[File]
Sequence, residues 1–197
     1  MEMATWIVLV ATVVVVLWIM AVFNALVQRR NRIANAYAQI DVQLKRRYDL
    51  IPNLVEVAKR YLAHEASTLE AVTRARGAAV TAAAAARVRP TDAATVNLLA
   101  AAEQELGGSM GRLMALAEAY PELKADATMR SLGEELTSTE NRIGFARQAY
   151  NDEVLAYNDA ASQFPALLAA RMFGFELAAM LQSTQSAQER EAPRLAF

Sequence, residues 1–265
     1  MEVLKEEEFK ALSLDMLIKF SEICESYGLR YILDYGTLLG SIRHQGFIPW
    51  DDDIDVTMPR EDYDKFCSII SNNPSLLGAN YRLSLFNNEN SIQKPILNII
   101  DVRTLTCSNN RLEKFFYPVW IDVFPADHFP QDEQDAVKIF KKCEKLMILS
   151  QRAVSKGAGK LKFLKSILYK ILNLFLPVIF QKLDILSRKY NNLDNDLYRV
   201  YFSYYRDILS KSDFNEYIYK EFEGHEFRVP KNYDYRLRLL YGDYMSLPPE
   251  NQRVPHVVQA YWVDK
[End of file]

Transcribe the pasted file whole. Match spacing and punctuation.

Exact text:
Sequence, residues 1–197
     1  MEMATWIVLV ATVVVVLWIM AVFNALVQRR NRIANAYAQI DVQLKRRYDL
    51  IPNLVEVAKR YLAHEASTLE AVTRARGAAV TAAAAARVRP TDAATVNLLA
   101  AAEQELGGSM GRLMALAEAY PELKADATMR SLGEELTSTE NRIGFARQAY
   151  NDEVLAYNDA ASQFPALLAA RMFGFELAAM LQSTQSAQER EAPRLAF

Sequence, residues 1–265
     1  MEVLKEEEFK ALSLDMLIKF SEICESYGLR YILDYGTLLG SIRHQGFIPW
    51  DDDIDVTMPR EDYDKFCSII SNNPSLLGAN YRLSLFNNEN SIQKPILNII
   101  DVRTLTCSNN RLEKFFYPVW IDVFPADHFP QDEQDAVKIF KKCEKLMILS
   151  QRAVSKGAGK LKFLKSILYK ILNLFLPVIF QKLDILSRKY NNLDNDLYRV
   201  YFSYYRDILS KSDFNEYIYK EFEGHEFRVP KNYDYRLRLL YGDYMSLPPE
   251  NQRVPHVVQA YWVDK